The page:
Technology Sidebar: The Midrange Accounting Software Shakeout

Microsoft's acquisition of Great Plains troubles waters that were already churning.
John XenakisJanuary 10, 2001

Microsoft’ announcement that it’s buying Great Plains Software is roiling a midrange accounting software industry that has already been increasingly troubled for years by several major trends:

  • Rapidly changing computer technology: new versions of Windows and Internet-based computing models.
  • Demand for internationalization: multiple currency support, multiple-language support, and support for foreign accounting and tax rules.
  • Need for increased functionality: general business functionality such as project accounting, manufacturing, inventory management, E-commerce, supply-chain management (SCM), and customer-relationship management (CRM), as well as demand for support of numerous specific verticals.

When these trends are combined, the financial demands on any midrange company may become overwhelming. Indeed, although Great Plains has proven itself to be a very viable company, the continually increasing development costs required to keep a product at the leading edge was certainly a factor in the company’s desire to be acquired.

In fact, almost every single midrange accounting software vendor has been directly affected by a merger or acquisition within the last year.

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Great Plains itself has acquired two decades- old competitors: RealWorld Corp. and Solomon Software Inc. RealWorld’s products are being phased out, and its resellers and 19,000 customers are being migrated to Great Plains Dynamics. Solomon’s products are being maintained for its 20,000 customers.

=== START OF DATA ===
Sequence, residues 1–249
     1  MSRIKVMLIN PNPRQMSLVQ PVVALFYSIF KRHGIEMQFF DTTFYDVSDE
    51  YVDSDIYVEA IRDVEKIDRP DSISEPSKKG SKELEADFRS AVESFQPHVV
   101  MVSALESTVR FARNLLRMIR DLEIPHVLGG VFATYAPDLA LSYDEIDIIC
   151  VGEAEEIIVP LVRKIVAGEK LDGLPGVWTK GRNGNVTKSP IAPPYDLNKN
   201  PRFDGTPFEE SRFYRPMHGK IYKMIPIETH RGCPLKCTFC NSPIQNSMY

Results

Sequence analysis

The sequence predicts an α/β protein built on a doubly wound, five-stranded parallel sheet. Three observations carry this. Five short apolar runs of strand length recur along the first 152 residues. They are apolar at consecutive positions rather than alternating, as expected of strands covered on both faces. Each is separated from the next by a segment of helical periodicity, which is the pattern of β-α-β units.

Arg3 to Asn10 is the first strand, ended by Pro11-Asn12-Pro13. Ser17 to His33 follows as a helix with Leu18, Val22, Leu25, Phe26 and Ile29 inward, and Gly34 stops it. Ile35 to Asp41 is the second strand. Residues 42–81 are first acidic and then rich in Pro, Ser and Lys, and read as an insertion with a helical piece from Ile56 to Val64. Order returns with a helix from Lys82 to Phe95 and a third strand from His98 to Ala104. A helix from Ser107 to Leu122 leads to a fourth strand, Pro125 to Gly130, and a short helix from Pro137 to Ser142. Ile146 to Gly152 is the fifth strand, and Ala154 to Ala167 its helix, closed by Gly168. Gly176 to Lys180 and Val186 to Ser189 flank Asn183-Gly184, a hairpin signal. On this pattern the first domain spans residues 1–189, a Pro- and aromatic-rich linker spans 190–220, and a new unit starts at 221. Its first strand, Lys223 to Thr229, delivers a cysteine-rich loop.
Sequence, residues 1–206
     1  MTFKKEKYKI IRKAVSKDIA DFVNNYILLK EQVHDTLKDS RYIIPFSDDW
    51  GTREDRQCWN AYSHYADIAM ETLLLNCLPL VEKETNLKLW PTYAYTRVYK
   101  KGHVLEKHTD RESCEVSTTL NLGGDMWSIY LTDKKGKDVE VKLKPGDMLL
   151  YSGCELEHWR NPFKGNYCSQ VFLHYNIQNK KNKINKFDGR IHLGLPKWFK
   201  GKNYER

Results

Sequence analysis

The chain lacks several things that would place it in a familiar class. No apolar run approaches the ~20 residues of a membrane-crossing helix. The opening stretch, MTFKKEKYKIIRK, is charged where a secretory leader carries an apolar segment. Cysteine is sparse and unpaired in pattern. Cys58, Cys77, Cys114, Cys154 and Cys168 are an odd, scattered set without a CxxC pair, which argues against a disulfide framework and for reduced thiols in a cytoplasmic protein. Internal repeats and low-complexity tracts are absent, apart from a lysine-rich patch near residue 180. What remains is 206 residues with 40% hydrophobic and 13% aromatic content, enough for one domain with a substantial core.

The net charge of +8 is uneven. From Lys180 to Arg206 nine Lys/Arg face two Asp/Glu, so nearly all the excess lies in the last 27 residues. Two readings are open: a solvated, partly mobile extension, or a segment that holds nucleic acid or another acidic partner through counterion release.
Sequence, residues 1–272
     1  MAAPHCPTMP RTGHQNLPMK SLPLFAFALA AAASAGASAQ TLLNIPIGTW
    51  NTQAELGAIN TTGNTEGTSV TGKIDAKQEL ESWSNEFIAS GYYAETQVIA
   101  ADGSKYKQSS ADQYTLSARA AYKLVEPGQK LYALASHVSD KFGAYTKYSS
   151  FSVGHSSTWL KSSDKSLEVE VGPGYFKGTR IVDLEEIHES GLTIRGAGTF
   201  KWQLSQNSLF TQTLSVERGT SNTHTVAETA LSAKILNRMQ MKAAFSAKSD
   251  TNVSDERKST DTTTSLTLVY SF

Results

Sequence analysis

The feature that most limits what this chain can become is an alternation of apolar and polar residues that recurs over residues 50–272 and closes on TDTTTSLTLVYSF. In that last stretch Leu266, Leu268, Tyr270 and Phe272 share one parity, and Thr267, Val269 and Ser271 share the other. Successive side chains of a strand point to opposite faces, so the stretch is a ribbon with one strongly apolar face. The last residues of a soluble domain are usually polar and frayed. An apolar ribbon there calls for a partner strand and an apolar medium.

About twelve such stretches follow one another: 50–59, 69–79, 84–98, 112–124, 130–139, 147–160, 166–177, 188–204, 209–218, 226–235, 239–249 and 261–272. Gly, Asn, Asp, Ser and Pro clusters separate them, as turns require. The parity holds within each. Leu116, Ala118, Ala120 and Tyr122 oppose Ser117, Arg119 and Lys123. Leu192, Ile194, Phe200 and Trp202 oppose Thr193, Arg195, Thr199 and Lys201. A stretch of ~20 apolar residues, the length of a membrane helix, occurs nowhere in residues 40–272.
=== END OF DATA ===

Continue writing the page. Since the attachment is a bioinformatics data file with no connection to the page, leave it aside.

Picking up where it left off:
London-based Sage Group plc was almost unknown in the U.S. until 1998, when it acquired State of the Art, a U.S.-based accounting software vendor. Then last year, Sage acquired Peachtree Software, and now markets a wide set of products ranging from low-end to high- midrange.

Denmark-based accounting software firms Navision Software a/s and Damgaard Software a/s had separately established strong presences in Europe and were slowly entering the U.S. market. Navision has been doing well, but Damgaard has had slow going, especially after a proposed partnership with IBM failed. Recently, Navision and Damgaard have announced a merger, with the new company called NavisionDamgaard.

In a stroke, AccountMate Software Corp. went from being a small, closely held U.S. company to a large international company, when it was acquired by Softline Limited, a South African company with major financial software offerings in South Africa, the UK, and the rest of Europe.

And SBT Accounting Systems was recently acquired by Accpac International, a division of Computer Associates’ interBiz group. Accpac was itself acquired by Computer Associates in the early 1990s. SBT’s products will continue to be marketed and supported on their own.

Timothy Tow, an analyst at the Gartner Group, expects the shakeout to continue, with a lot of added pressure resulting from Microsoft’s acquisition of Great Plains.

“Ultimately, Microsoft and Great Plains will grab a greater share of the market, especially in Great Plains’ strength, the pure financial accounting product,” says Tow. “Sage’s Mas-90 and Epicor’s Platinum for Windows will especially feel the pressure, and it’s likely that these products will become increasingly difficult to support and sell. Companies that provide manufacturing apps have more staying power in the market than those with just financial accounting, since Great Plains is not that strong in manufacturing.”